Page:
A cosa serve l’utopia
Galleria Civica di Modena
Friday 27 April – Sunday 22 July 2018
Abbas, Bruno Barbey, Yael Bartana, Taysir Batniji, Ian Berry, Roberto Brancolini, Henri Cartier-Bresson, Mario De Biasi, Fabio Boni, Leonard Freed, Francesco Jodice, Hector Lopez, Swetlana Heger, Alejandro Hoppe, Paula Haro Poniatowska, Iosif Kiraly, Jorge Laniszewski, Alex Majoli, Filippo Minelli, Daido Moriyama, Melina Mulas, Oscar Navarro, Ulises Nilo, Luis Poirot, Mark Power, Ishmael Randall Weeks, Aldo Soligno, Chris Steele-Perkins, Mladen Stilinovič, Jinoos Taghizadeh, Angeles Torrejon, Franco Vaccari, Pedro Valtierra, Akram Zaatari, Patrick Zachmann, Zelle Asphaltkultur.
Utopia was described by Eduardo Galeano as an unreachable horizon, one which moves further away from us with every step we take towards it. Hence, wondering “what utopia is for,” the Uruguayan writer concluded: “to walk towards.” There is a perennial tension between the drive forward given by the hope for change, by the act of resistance, by the gesture of revolt on one hand and the retreat, the disillusionment, the bitter reflection on missed opportunities on the other.
The exhibition explores this tension through photographic and video works by Italian and international artists and photographers, including Mladen Stilinovic, Akram Zaatari, Yael Bartana, Daido Moriyama, Mario De Biasi and Francesco Jodice, from the collection heritage managed by the FONDAZIONE MODENA ARTI VISIVE and belonging to the Fondazione Cassa di Risparmio di Modena and Modena City Council/Galleria Civica, in particular the Photography Collection set up in 1991 in the wake of the donation of the collection of the Modenese artist and photographer Franco Fontana.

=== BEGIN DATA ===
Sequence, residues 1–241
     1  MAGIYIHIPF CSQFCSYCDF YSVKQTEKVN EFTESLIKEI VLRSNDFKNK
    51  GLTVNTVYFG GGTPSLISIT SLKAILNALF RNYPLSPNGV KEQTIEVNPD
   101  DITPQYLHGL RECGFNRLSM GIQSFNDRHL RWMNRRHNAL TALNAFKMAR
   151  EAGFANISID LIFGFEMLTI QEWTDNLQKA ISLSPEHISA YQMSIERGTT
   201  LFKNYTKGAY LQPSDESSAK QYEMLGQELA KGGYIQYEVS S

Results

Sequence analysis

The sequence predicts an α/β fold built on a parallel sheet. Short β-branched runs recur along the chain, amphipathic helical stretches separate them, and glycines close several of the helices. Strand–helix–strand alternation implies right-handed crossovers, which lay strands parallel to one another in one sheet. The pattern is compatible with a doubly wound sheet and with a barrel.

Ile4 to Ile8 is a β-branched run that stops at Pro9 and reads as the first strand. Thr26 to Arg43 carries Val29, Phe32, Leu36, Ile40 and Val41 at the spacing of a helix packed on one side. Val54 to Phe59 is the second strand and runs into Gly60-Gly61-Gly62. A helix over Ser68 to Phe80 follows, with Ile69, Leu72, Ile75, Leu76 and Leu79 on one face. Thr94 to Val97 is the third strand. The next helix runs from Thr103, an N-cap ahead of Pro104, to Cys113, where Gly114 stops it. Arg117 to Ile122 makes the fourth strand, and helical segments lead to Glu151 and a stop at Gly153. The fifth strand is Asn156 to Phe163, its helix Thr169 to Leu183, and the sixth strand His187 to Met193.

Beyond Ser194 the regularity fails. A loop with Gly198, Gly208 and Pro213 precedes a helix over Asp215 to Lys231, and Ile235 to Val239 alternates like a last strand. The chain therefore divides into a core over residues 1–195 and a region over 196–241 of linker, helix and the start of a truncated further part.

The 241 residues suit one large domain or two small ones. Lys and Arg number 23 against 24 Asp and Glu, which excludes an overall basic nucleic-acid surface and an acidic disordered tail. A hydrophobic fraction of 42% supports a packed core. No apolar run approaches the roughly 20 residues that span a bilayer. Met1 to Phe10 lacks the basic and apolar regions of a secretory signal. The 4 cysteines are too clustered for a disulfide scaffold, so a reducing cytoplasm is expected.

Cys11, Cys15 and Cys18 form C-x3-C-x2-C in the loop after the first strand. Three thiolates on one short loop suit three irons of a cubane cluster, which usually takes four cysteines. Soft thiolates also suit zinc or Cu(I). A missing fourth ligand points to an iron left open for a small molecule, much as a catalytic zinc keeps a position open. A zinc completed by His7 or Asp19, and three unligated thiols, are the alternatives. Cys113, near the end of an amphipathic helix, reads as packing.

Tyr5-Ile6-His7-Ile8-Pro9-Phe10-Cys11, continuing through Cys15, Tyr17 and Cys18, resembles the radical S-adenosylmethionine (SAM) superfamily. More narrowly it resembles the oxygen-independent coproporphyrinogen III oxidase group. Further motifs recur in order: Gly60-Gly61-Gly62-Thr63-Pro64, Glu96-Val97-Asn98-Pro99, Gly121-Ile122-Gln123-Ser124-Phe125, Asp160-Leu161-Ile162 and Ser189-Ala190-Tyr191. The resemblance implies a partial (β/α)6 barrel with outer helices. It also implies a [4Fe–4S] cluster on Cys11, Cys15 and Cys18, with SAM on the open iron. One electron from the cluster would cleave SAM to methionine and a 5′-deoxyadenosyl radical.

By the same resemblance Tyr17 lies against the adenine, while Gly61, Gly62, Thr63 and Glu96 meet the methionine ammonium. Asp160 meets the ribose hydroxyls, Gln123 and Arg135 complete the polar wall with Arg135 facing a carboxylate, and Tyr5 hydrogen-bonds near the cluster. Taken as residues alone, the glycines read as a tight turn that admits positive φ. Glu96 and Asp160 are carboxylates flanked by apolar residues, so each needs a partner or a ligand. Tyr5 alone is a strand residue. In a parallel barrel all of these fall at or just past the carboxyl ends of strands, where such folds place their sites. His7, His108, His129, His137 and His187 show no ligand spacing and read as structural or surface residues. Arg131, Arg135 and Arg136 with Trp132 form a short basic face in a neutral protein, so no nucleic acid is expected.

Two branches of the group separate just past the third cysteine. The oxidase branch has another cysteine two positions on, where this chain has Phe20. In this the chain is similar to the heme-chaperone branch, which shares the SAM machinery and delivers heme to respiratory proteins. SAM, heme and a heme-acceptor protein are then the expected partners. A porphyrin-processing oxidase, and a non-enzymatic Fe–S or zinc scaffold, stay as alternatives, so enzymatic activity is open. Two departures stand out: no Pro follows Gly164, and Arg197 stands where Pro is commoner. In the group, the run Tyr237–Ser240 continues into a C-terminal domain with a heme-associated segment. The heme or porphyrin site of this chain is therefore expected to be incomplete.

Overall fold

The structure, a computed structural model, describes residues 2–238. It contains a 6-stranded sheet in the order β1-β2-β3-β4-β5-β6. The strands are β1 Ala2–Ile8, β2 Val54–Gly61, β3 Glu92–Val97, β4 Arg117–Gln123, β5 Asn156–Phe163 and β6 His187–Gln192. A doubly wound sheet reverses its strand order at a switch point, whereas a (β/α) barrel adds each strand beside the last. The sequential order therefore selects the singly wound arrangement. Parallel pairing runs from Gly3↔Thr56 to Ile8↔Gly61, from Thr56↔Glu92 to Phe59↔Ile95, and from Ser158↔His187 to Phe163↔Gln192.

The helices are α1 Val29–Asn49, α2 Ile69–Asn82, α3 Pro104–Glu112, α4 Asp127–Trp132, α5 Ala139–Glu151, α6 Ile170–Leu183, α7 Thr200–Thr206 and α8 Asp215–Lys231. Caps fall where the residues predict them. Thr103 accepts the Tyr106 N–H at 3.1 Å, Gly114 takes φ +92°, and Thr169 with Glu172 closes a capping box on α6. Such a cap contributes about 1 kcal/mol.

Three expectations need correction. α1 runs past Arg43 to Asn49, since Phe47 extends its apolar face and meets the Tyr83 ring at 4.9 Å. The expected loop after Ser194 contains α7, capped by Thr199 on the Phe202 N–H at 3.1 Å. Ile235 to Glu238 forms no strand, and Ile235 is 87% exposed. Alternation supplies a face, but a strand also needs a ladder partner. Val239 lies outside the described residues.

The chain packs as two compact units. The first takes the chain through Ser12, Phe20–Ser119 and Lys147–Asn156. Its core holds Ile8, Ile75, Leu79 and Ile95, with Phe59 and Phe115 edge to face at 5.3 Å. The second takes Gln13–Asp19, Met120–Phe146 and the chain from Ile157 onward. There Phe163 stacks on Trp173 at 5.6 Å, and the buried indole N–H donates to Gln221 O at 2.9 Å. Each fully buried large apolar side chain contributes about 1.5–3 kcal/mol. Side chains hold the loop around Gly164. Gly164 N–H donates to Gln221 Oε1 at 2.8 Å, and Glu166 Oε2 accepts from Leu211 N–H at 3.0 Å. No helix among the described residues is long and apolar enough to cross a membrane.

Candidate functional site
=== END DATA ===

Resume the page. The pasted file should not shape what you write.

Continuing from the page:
The exhibition itinerary places the works in dialogue with a number of images chosen from the archive of the Magnum photo agency, which through the eyes of great photo reporters such as Abbas, Bruno Barbey and Alex Majoli, portray the key moments of revolts and revolutionaries in many countries, from Eastern Europe to Latin America, from China and Japan to the United States.
The exhibition thus sets up a two-fold dialectic. The cyclical alternation of the construction and destruction of the ideal – processes whose icons and their fate are an integral part of – outlines utopia as a practice of political and social rebellion which may have an immediate feedback but which, over time, is reinterpreted by contemporary artists and photographers in the light of what it has turned into. At the same time, the close dialogue between images created for different purposes—those designed to recount political current affairs in the media, and those designed to ponder shortcomings and changes, inheritance and perspectives—creates a comparison between various apparently contrasting practices of photography and yet ones that are deeply interdependent.